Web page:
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Stephen Thomas is a Modeling Engineer at Celgene Corporation at Summit, New Jersey, USA.
He is part of the Integrated Materials Engineering & Technology (IMET) group within Drug Product Development.
At Celgene, he is working on developing a digital twin of the drug development process which involves developing strategies
to capture the relevant physics involved in the life of a drug product starting from a single molecule to the dosage form and
finally reaching the targets in the human body. Reaching this lofty goal involves combining molecular scale material models,
macro scale experimental process models and data driven models.
After he earned a BE in Computer Science from Periyar University, India, he worked as a software developer for 10 years.
He then earned an MS and PhD in Materials Science and Engineering from Boise State University, USA in 2018.
He has published 9 peer-reviewed papers and given 5 invited talks.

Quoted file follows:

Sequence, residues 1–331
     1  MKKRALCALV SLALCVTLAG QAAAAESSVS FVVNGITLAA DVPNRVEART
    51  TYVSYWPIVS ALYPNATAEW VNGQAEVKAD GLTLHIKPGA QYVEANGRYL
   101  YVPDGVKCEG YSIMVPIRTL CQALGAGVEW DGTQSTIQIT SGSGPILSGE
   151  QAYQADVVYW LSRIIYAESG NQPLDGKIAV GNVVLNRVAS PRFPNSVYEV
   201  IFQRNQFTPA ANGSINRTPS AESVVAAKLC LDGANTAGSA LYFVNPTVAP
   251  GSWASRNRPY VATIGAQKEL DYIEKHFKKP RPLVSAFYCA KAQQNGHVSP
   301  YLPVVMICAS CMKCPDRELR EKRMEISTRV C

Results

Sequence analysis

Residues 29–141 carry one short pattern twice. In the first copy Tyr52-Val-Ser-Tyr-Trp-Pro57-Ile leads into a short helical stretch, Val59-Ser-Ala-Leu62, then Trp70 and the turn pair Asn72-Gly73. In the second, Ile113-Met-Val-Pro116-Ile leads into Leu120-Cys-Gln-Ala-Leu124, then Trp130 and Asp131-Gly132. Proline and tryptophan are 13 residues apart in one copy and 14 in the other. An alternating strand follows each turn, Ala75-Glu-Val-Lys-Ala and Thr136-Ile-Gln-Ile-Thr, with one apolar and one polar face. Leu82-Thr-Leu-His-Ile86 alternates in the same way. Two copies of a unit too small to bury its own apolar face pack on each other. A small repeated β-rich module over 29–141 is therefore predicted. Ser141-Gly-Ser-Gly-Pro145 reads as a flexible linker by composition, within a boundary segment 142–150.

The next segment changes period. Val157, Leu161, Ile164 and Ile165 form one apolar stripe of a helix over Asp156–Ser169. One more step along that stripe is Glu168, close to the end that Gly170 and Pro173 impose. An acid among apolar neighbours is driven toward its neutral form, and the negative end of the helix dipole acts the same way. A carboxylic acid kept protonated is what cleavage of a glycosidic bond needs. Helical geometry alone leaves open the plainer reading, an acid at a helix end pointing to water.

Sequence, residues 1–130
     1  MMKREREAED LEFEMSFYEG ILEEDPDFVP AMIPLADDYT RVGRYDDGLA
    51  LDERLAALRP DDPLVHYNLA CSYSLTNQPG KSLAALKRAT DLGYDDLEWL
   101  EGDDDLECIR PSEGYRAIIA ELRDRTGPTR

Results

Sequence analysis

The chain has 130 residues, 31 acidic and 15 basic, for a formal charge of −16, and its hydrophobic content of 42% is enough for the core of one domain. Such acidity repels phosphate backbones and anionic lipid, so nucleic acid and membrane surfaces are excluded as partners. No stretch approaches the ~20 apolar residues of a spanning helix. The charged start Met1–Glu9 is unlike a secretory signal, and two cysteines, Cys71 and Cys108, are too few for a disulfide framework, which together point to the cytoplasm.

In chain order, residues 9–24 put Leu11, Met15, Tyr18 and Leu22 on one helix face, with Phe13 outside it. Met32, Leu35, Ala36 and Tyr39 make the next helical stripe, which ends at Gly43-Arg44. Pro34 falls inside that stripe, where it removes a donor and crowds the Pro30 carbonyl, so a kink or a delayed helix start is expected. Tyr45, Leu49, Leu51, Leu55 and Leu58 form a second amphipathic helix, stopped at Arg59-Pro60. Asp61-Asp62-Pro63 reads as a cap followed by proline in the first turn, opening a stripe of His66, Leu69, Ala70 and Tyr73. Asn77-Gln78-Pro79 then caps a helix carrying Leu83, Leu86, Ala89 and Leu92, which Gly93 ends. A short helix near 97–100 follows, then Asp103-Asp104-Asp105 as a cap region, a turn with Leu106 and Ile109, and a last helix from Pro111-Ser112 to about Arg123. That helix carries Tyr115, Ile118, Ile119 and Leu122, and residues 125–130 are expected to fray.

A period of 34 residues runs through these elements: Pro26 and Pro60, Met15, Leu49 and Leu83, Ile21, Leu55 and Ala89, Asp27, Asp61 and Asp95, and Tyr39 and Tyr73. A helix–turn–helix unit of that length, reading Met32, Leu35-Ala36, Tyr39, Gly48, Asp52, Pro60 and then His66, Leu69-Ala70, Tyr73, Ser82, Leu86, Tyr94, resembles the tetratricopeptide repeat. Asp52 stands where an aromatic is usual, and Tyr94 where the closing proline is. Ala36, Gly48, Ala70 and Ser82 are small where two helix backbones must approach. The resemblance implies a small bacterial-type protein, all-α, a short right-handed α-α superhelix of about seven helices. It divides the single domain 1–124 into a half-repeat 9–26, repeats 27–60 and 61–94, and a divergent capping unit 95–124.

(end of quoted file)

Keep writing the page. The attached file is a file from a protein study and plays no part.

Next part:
His primary research interest is in computational modeling of materials that span disparate time and space scales using methods such as coarse-grained molecular dynamics (CGMD) and concurrent coupling. His expertise lies in using high performance computers efficiently for scientific computing. His work as a post-doctoral research associate in Dr. Michela Taufer's GCLab at the University of Tennessee at Knoxville was to develop frameworks to perform in-situ analysis of molecular dynamics simulations on super computers to circumvent the performance bottleneck because of slow I/O-OPS compared to FLOPS. His Ph.D. research with the Boeing Company was to develop a fundamental understanding of reaction induced phase separation in toughened thermoset polymers using CGMD to reduce the time and materials required to develop new aircraft material formulations.
When I am not doing research I enjoy teaching or doing fun stuff with my two boys, fishing, brewing, roasting coffee, cooking and going on
long walks with my family.